Gods and generals Essay

This essay has a total of 927 words and 5 pages.

Gods and generals

The American Civil War was a military conflict between the United States of America (the
Union), and 11 secessionist Southern states, organized as the Confederate States of
America (the Confederacy). It was the culmination of four decades of intense sectional
conflict and it reflected deep-seated economic, social, and political differences between
the North and the South. Many books have been written on this “first modern
war” describing how over 620,000 men were killed. Jeff Shaara goes deeper and
explores the personal conflicts of four historical figures, two from the South and two
from North: General Lee, General Jackson, Colonel Chamberlain, and Hancock.

Robert E. Lee’s story began with a dilemma; he had to decide whether to stay to
fight with the army he has been serving for 30 years or to resign and go to Virginia to
defend his home. Life in the army had ruined his life, “He had missed a
father’s great joy of watching his children grow and learn... [and] try not to think
about what his career had done to his family.” (Pg. 11) Throughout Part 1, Lee
feels something missing from inside him: the feeling of action, of war. While in Texas,
General Winfield Scott asks Lee to serve as second in command of the Union Army, but due
to the possibility that Virginia could also secede, he declines. Still yearning for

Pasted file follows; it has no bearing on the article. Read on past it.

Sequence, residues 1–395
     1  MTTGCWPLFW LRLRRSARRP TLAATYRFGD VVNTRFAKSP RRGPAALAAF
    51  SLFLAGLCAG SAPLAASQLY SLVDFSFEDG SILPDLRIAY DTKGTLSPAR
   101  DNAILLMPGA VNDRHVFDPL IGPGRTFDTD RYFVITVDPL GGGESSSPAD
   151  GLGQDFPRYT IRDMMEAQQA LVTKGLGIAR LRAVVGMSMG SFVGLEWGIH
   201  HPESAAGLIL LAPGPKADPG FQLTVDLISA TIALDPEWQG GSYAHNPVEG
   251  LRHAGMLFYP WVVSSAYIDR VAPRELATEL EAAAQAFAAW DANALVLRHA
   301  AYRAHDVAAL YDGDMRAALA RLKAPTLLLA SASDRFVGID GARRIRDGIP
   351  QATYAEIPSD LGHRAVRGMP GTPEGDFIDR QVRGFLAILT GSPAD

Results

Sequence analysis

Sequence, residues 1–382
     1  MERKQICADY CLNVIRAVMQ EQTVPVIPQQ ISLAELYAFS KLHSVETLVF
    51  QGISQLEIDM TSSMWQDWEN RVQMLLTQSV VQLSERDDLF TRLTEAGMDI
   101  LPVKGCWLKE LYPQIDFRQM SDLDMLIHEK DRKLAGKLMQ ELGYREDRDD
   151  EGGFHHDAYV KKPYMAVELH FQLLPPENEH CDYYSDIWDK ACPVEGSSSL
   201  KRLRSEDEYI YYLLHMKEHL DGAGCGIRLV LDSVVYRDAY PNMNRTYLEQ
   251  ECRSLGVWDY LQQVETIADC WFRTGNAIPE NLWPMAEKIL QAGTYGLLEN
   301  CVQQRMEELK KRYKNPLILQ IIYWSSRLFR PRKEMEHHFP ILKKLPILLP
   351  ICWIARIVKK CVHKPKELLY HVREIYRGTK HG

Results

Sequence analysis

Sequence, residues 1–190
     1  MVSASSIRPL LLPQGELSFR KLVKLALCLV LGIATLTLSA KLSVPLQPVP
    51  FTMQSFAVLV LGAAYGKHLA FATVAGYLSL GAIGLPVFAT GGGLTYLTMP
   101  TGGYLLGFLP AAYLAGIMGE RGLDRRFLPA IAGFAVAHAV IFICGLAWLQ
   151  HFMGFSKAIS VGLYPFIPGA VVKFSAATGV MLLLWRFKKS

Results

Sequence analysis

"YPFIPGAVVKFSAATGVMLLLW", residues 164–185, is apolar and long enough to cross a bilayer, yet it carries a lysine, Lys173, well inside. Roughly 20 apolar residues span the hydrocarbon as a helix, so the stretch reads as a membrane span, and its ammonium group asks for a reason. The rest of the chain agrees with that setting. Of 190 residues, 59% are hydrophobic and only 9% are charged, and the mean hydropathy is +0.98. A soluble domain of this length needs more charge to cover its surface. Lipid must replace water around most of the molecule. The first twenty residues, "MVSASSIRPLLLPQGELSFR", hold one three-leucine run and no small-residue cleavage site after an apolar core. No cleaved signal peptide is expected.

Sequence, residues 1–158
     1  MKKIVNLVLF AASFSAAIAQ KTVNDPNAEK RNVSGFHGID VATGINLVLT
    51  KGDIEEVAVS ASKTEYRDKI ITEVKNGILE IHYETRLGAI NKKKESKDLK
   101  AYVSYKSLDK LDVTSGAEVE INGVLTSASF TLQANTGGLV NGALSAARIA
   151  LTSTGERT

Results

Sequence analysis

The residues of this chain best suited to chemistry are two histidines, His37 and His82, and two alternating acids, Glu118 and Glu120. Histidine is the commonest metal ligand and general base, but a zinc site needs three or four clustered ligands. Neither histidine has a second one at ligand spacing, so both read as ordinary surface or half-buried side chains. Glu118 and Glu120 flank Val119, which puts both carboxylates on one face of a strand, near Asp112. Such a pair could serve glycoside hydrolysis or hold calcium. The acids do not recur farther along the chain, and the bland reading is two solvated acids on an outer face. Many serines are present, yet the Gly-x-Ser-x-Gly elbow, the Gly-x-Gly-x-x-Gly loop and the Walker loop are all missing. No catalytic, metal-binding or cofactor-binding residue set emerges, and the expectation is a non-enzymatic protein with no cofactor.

action, he accepts the command of the Provisional Army, the defense forces for the state
of Virginia. He goes on to recruit Major Thomas Jackson, Jackson replies by saying,
“If they do not run, then they die.” (Pg. 135)

“I will do whatever I must to defeat my enemies.” (Pg. 135) This describes
Major Jackson’s general attitude towards war and towards God. Jackson is extremely
pious and does all he can to please God and to follow His path. Newspaper coverage of his
battles quickly publicized him and the title Hero was given to Jackson. Throughout the
war, Jackson shows dedication, going beyond his orders and chasing away his enemies. He
also shows an immense concern for his troops, he “had seen the bare feet, the bloody
impressions, and he felt a deep pain, a sadness.” (Pg. 289) His men were shabby
compared to the forces of Hancock and Chamberlain.

Winfield Scott Hancock, named after General Winfield Scott, has the talent of making
himself “indispensable in any assignment he is given...” (Pg. 5) Due to this
talent, he is the best suited to take the role of Quartermaster. After various locations,
he is transferred to California, where his story begins. Like Lee, he feels he belongs on
the battlefield, and not in an office. Hancock visits General McClellan and is told,
“We need leaders, Mr. Hancock. I believe that includes you.” (Pg. 160) And
so, his duty is now assigned.

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